U.S. flag

An official website of the United States government, Department of Justice.

NCJRS Virtual Library

The Virtual Library houses over 235,000 criminal justice resources, including all known OJP works.
Click here to search the NCJRS Virtual Library

Emotional Maltreatment and Verbal Victimization in Childhood: Relation to Adults' Depressive Cognitions and Symptoms

NCJ Number
Journal of Emotional Abuse Volume: 7 Issue: 2 Dated: 2007 Pages: 59-73
Brandon E. Gibb; Jessica S. Benas; Sarah E. Crossett; Dorothy J. Uhrlass
Date Published
15 pages
This study examined the relations among reports of negative childhood experiences, negative and positive automatic thoughts, and depressive symptoms in a cross-sectional study of young adults.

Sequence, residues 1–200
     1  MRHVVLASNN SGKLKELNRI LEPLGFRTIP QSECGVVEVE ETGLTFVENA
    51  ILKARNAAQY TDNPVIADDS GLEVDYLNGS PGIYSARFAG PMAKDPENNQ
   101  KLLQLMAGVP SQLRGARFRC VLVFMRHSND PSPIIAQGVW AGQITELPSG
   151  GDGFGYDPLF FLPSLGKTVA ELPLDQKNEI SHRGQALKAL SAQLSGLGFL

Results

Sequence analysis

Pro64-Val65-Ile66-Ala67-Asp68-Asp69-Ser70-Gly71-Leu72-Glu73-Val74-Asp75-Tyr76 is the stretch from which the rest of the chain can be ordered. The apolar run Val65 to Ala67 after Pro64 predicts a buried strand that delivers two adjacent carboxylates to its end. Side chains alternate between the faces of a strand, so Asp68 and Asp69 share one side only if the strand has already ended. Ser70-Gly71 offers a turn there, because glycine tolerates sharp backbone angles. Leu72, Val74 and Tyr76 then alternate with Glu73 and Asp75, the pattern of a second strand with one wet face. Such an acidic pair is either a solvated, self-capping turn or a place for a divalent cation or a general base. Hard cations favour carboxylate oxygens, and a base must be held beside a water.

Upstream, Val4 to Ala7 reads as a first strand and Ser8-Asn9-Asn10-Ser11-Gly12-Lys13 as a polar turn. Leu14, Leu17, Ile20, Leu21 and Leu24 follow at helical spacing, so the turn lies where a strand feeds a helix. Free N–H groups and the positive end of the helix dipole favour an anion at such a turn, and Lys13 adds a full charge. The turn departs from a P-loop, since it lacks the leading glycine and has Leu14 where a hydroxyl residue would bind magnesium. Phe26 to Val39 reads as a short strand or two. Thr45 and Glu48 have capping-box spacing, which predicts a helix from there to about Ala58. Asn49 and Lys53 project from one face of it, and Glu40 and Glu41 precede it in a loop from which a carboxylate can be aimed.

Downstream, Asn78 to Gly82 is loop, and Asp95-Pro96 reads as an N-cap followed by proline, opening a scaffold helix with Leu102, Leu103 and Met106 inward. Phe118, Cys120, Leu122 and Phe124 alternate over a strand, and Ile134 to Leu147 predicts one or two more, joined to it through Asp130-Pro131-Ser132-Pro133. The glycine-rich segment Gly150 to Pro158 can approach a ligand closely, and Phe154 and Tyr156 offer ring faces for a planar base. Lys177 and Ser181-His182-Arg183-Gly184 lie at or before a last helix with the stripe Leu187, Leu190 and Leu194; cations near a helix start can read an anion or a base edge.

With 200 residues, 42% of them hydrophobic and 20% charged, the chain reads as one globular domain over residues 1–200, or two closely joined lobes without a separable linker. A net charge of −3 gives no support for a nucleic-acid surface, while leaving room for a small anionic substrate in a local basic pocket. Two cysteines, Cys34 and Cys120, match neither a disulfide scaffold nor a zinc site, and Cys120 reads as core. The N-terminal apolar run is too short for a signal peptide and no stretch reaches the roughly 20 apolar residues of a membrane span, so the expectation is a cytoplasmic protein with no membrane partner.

Results indicate that negative and positive automatic thoughts fully mediated the link between childhood emotional maltreatment and verbal victimization and young adults’ current depressive symptom levels. Specifically, it was found that victimization from both caretakers and peers was significantly more strongly related to negative than positive automatic thoughts. In addition, although victimization from both sources was independently related to negative automatic thoughts, only childhood emotional maltreatment was related to positive thoughts, once the overlap between the two forms of victimization was statistically controlled. These results extend previous examinations of developmental correlates of depressive cognitions by suggesting that the negative effects of emotional maltreatment and verbal victimization may be relatively specific to the development of negative, as opposed to positive, thoughts. These findings highlight the importance of examining victimization from both parents and peers in the development of cognitive vulnerability to depression and suggest that previously proposed models may be more applicable to the development of negative automatic thoughts than to positive thoughts. This study used a cross sectional design to examine the relations among reports of childhood emotional maltreatment from parents and verbal victimization from peers, and the presence of positive and negative automatic thoughts and depressive symptoms among young adults. Table, figure, references